|Who is it?||Writer, Director, Producer|
|Birth Day||December 01, 1952|
|Birth Place||Holland Park, Kensington, London, England, United Kingdom|
|Stephen Poliakoff age||70 YEARS OLD|
|Alma mater||King's College, Cambridge|
|Occupation||Playwright, director, scriptwriter|
|Spouse(s)||Sandy Welch (m. 1983)|
|Parent(s)||Alexander Poliakoff Ina Montagu|
|Relatives||Martyn Poliakoff (brother)|
Poliakoff's paternal grandfather, Joseph, was a Russian Jew who experienced first-hand the effects of the communist revolution in Russia from the family's Moscow flat across from the Kremlin. Near starvation after the revolution, he was given a government job as a district telephone inspector from an admiring commissar and he helped build Moscow's first automatic telephone exchange. He then fled with his family from the newly Stalinist Soviet Union to the UK in 1924 Poliakoff was an Inventor of electrical devices whose many inventions included a selenium photograph telephony shutter in 1899 (US patent 700,100, 26 August 1901), which, along with electrical sound amplification, allowed for synchronised audio on film, the radio volume control, a magnetic induction loop that allowed hearing-impaired people to hear in auditoriums or theatres, and the paging beeper. He also founded the Multitone Electric Company of London in 1931 that produced hearing aid devices with their most prestigious client being Winston Churchill.
In 1976 Poliakoff won the Evening Standard Most Promising Playwright Award for Hitting Town and City Sugar and in 1997 he won the Critic's Circle Best Play Award for the National Theatre production of Blinded By The Sun.
Poliakoff continued to write stage plays, becoming writer-in-residence for the National Theatre at the age of 24, but he became increasingly interested in the medium of television, with Stronger Than the Sun (1977 – BBC1 Play for Today), Bloody Kids (1980 – ATV) directed by Stephen Frears, Caught on a Train (1980 – BBC2 Playhouse) starring Peggy Ashcroft, and Soft Targets (1982 – Play for Today). There were also TV adaptations of his stage plays Hitting Town (1976 – Thames Television/ITV Plays for Britain) and City Sugar (1978 – Scottish Television / ITV The Sunday Drama). These two plays were some of his first big successes.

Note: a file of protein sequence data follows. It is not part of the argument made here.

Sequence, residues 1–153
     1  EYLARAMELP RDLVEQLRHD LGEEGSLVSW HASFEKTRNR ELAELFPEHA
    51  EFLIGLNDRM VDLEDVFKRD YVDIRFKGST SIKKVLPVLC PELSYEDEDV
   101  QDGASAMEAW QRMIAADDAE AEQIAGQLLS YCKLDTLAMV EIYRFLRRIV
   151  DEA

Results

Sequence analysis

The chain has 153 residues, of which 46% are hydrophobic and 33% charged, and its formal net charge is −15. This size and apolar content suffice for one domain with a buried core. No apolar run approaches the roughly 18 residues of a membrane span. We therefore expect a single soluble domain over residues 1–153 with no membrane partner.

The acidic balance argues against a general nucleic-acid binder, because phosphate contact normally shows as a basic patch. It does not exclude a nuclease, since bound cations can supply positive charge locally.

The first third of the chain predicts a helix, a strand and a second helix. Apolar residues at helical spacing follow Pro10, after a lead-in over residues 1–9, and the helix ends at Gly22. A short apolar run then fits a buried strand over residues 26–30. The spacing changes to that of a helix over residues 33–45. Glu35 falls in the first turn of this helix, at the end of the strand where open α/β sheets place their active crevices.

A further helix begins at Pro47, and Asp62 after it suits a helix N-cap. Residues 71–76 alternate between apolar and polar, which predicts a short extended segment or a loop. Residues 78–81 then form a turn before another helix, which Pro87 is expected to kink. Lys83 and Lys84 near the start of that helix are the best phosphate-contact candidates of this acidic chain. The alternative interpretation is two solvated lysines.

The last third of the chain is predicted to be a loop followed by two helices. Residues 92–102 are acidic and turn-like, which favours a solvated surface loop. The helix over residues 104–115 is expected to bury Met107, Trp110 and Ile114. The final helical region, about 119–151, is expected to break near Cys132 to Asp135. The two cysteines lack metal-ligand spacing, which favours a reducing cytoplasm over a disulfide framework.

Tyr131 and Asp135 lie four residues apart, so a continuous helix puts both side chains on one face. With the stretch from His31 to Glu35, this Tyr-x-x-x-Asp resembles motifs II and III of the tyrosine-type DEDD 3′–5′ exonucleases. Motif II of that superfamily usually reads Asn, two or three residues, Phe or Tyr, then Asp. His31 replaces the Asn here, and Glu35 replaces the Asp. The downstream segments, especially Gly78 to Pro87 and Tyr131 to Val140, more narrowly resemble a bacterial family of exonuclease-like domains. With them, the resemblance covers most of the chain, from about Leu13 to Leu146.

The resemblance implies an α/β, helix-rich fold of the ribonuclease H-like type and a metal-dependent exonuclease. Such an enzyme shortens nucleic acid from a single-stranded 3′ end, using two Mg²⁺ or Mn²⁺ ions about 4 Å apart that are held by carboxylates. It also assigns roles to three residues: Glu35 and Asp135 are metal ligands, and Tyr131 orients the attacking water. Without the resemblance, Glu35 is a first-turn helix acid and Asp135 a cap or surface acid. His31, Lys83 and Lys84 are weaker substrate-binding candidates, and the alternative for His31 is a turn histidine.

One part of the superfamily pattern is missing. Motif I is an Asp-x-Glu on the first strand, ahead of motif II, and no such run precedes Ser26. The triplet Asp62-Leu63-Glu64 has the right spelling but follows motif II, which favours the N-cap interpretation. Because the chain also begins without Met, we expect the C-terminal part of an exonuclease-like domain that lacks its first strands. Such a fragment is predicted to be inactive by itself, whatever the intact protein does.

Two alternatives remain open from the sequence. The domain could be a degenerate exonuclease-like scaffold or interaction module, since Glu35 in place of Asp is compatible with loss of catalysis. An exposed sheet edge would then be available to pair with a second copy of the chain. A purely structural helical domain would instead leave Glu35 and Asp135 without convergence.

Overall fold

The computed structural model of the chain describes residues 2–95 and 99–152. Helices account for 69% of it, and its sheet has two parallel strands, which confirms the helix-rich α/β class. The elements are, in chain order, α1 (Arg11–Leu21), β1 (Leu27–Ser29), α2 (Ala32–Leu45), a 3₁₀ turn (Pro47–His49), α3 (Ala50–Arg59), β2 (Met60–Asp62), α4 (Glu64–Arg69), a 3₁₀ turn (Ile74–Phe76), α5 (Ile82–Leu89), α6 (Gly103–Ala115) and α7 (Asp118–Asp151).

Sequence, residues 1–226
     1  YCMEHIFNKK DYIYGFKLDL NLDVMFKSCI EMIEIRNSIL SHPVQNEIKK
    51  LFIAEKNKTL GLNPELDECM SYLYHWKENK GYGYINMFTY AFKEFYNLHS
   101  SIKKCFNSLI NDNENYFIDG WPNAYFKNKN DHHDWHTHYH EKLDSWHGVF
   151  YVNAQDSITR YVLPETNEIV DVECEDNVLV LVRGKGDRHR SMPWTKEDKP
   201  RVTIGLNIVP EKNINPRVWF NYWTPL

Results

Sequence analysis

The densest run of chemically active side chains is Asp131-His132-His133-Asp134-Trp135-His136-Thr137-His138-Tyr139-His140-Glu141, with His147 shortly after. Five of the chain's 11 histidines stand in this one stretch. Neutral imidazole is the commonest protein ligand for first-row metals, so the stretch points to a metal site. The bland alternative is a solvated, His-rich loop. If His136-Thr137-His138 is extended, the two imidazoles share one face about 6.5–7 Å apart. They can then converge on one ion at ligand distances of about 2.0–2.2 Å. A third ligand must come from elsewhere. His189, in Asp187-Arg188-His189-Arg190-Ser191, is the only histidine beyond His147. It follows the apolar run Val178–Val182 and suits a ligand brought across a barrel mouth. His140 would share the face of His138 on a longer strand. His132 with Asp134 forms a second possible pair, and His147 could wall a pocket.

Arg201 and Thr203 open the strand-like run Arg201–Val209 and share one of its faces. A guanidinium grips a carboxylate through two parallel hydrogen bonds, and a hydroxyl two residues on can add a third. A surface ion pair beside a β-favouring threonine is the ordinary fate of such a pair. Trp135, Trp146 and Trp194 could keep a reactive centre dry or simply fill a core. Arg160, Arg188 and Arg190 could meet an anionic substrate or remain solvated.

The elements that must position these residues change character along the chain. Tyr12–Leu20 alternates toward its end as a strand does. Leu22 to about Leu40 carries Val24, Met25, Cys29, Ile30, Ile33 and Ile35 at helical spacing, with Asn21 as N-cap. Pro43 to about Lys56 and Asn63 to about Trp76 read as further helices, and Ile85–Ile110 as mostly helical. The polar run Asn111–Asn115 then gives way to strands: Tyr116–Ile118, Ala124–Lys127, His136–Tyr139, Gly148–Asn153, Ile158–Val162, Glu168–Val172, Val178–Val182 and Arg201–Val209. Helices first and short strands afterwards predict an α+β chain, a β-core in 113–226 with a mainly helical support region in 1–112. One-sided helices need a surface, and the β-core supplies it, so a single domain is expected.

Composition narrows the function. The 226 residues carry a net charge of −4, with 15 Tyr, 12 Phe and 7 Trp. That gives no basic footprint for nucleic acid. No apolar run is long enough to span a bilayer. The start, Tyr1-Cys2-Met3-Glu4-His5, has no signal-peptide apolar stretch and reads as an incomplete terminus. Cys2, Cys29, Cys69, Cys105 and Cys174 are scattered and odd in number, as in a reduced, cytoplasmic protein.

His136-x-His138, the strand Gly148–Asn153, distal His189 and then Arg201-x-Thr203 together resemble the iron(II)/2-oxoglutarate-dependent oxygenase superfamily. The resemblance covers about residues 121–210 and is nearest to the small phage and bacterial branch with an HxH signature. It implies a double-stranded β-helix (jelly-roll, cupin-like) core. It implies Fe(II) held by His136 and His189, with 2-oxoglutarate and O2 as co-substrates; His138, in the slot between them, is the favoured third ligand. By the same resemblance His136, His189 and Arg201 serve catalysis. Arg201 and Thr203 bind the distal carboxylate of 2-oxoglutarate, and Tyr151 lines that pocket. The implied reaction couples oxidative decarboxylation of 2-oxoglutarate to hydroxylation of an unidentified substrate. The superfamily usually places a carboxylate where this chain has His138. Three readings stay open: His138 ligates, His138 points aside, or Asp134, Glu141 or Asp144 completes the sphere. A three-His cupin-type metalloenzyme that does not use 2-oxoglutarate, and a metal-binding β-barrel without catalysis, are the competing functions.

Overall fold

Poliakoff's first feature film was Runners, directed by Charles Sturridge, starring James Fox, Jane Asher and Kate Hardie. It received a limited theatrical release in 1983 before being shown in Channel 4's Film on Four slot. His directorial debut was the much-lauded and now rare Hidden City (1988), premiered at the Venice Film Festival and starring Charles Dance, Richard E. Grant and Cassie Stuart. His television career continued with She's Been Away (1989) starring Peggy Ashcroft and also winning awards at Venice, before a return to film with Close My Eyes (1991), starring Clive Owen, Saskia Reeves and Alan Rickman in an elaborate reworking of the Incest theme that had been central to Hitting Town (1976), followed by Century (1994), with Owen, Dance and Miranda Richardson. Less successful were Food of Love (1997) with Grant, Nathalie Baye and Joe McGann and The Tribe (1998) starring Joely Richardson and Jeremy Northam, the latter eventually screened on BBC Two in the absence of a cinema distribution deal where it achieved extremely high viewing figures and was immediately repeated.
He subsequently returned to his favoured form, television, this time choosing a flexible serial format resulting in the acclaimed and Prix Italia-winning Shooting the Past (1999), the fresh critical and audience success of Perfect Strangers (2001), a family drama starring Matthew Macfadyen, Michael Gambon and Lindsay Duncan and The Lost Prince (2003), a single drama recognised with an Emmy award rare for a non-American production. The film also featured Miranda Richardson in a Golden Globe-nominated performance as Queen Mary of Teck. Michael Gambon, Gina McKee, Tom Hollander and Bill Nighy appeared in major roles. Late 2005 saw the one-off drama Friends and Crocodiles (2006) starring Damian Lewis and Jodhi May, with its overlapping companion piece, Gideon's Daughter (2006), starring Bill Nighy, Miranda Richardson and Emily Blunt, appearing early the following year. The latter won a Peabody Award in April 2007, with Golden Globes for Nighy and Blunt.
In 2005, he renewed recent criticisms of BBC scheduling and commissioning policy, arguing that the reintroduction of a regular evening slot for one-off plays on BBC1 would provide the re-invigoration of drama output that has become a priority for the corporation.
Stephen Poliakoff lives in London and is married to fellow scriptwriter Sandy Welch, with whom he has two children. He was awarded a CBE in the Queen's Birthday Honours list 2007.
Glorious 39, starring Romola Garai, Bill Nighy and Julie Christie, premiered at the Toronto International Film Festival in September 2009 and was released in the UK that November.
In 2011, Poliakoff wrote a seven-minute short film, Astonish Me, to celebrate WWF's 50th anniversary. Starring Bill Nighy and Gemma Arterton, the film was shown in Odeon Cinemas in August 2011 and made available on the WWF website and YouTube.
In February and March 2013, Dancing on the Edge, a five-part series which followed the fortunes of a black jazz band in 1930s London, was broadcast by the BBC, and also later won a Golden Globe.
His brother, Sir Martyn Poliakoff, a research Chemist and lecturer, is a Fellow of the Royal Society, being, until November 2016, its Foreign Secretary and vice-president. He is also the presenter of a YouTube educational series on chemistry, The Periodic Table of Videos.